Lawmakers’ wildly conflicting accounts of how much they knew about newly leaked surveillance programs has cast a new glare on the difficulties of congressional oversight of intelligence and the stratified rules about which members and staffers can be briefed on what.
Lawmakers on the Intelligence committees and their experienced staffers have almost unlimited access to the most sensitive programs, although there are limits even then to how much scrutiny they can apply to spy operations.
Other lawmakers can proactively seek out information about these programs but can’t talk to their own staffers about what they learn. Some never bother.
Those differences have played out in the game of political hot-potato that began last week with the disclosure of a sweeping surveillance court order that allowed the executive branch to collect phone record metadata on millions of U.S. citizens, as well as with the disclosure of a program called PRISM that collected Internet data.
President Barack Obama and administration officials assert that Congress was briefed on all of it and signed off on it. Some lawmakers agreed, but many said they were in the dark.
Asked by NBC News on June 8 whether lawmakers knew what they were voting on, Director of National Intelligence James R. Clapper Jr. answered, “I trust so.”
Asked whether Congress as a whole is well informed on intelligence issues, Jennifer Hoelzer, a former staffer for Senate Intelligence Committee member Ron Wyden, D-Ore., answered, “Not at all.”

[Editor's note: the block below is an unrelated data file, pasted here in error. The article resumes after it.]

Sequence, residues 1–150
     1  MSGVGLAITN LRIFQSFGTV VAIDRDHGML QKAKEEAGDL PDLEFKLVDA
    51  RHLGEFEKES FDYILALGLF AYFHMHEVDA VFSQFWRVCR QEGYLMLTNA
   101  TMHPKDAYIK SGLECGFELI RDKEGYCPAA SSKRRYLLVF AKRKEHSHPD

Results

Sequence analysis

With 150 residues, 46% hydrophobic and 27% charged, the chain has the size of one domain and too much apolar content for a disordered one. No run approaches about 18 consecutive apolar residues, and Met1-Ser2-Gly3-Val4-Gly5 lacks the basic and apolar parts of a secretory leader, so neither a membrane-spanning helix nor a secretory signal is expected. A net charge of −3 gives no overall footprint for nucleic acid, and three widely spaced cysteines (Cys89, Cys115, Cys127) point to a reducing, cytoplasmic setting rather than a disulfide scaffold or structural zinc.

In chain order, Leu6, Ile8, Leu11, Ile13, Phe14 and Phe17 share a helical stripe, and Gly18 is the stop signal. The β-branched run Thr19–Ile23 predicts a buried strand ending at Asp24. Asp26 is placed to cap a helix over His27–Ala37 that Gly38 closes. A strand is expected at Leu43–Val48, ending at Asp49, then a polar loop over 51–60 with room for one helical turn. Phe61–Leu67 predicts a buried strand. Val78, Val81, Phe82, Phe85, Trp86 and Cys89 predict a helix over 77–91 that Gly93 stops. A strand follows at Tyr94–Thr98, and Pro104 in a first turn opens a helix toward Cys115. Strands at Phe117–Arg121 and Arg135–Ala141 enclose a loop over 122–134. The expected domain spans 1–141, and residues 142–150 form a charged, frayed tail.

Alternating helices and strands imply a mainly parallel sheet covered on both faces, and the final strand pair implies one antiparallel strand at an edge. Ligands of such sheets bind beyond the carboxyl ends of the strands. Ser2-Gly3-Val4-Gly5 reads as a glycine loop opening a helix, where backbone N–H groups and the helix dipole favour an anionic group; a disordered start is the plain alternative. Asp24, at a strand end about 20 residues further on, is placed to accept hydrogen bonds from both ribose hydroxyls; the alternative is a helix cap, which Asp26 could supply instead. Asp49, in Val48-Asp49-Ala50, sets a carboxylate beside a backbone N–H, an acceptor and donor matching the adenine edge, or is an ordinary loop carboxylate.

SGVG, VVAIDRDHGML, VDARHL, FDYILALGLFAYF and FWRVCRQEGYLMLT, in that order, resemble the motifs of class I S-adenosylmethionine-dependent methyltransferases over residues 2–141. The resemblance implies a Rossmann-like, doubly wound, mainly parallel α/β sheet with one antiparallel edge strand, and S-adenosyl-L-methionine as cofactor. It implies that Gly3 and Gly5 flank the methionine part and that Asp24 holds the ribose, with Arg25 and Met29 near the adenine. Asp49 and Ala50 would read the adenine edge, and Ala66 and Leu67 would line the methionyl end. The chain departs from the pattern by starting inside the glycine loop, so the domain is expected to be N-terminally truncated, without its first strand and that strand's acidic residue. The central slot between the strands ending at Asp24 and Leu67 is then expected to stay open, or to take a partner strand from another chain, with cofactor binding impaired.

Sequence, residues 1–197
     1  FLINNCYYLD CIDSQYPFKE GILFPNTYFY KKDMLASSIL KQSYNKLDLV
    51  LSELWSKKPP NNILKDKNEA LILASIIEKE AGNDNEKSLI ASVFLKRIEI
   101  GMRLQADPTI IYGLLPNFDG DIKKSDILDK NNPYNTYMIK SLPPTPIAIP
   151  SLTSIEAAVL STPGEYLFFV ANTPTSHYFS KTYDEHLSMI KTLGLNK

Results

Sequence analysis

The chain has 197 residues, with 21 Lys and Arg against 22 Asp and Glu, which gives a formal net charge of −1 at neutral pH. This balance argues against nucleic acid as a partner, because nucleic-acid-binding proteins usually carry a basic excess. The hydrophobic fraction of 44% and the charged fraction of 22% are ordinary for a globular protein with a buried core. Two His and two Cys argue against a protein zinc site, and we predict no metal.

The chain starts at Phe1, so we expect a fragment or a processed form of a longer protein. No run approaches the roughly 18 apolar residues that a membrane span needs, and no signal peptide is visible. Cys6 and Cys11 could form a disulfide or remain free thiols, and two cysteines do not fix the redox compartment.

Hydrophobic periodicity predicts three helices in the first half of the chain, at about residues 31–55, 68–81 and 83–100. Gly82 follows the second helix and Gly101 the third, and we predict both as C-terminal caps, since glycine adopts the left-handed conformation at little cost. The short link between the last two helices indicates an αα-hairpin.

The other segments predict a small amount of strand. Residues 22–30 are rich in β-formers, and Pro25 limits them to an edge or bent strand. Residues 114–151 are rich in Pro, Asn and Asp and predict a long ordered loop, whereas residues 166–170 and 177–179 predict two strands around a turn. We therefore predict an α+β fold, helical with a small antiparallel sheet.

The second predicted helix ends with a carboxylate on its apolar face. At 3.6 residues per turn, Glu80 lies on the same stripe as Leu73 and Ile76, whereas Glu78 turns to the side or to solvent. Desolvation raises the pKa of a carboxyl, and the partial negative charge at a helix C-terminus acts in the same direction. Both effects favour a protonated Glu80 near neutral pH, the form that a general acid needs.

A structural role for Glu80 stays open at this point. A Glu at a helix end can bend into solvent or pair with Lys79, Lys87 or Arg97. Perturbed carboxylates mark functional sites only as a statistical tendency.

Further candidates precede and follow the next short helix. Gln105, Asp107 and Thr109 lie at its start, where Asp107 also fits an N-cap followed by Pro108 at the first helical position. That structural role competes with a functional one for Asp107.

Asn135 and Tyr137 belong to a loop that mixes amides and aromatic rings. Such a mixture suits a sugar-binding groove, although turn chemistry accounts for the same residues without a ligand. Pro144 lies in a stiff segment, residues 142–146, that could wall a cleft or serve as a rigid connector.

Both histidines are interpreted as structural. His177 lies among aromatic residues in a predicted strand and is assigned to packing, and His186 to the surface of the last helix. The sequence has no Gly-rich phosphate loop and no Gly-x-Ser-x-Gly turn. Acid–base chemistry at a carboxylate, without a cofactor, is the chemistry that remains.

On Sunday, Senate Intelligence Chairwoman Dianne Feinstein, D-Calif., suggested that the dynamic needed to change.
“One of the structures of highly classified ... is no staff,” Feinstein said on ABC’s “This Week” on Sunday. “I think that should be changed so that Intelligence Committee staff can come in with the member and go over and review the material.”
Feinstein apparently misspoke. A former congressional intelligence staffer said “the intel staffers all have access to this.” A Senate committee aide said: “All intel staff have access to all the details on these programs and ... we are always available to help members not on the committee.”
Feinstein said last week that 27 senators availed themselves of a June 6 briefing on the phone records program.
Sen. Jeff Merkley, D-Ore., said on MSNBC last week that he learned about the phone records program ahead of the leak only because he sought “special permission” to review the relevant documents.
But not all staffers have access to all of the information. Neither House nor Senate members can consult their personal staff about the information they get.
Vice President Joe Biden waits to conduct a mock swearing-in ceremony with Sen. Brian Schatz, D-Hawaii, in the Capitol's Old Senate Chamber, December 2, 2014. Schatz was sworn in to serve the remainder of his term since he was appointed to the seat after Sen. Daniel Inouye, D-Hawaii, passed away.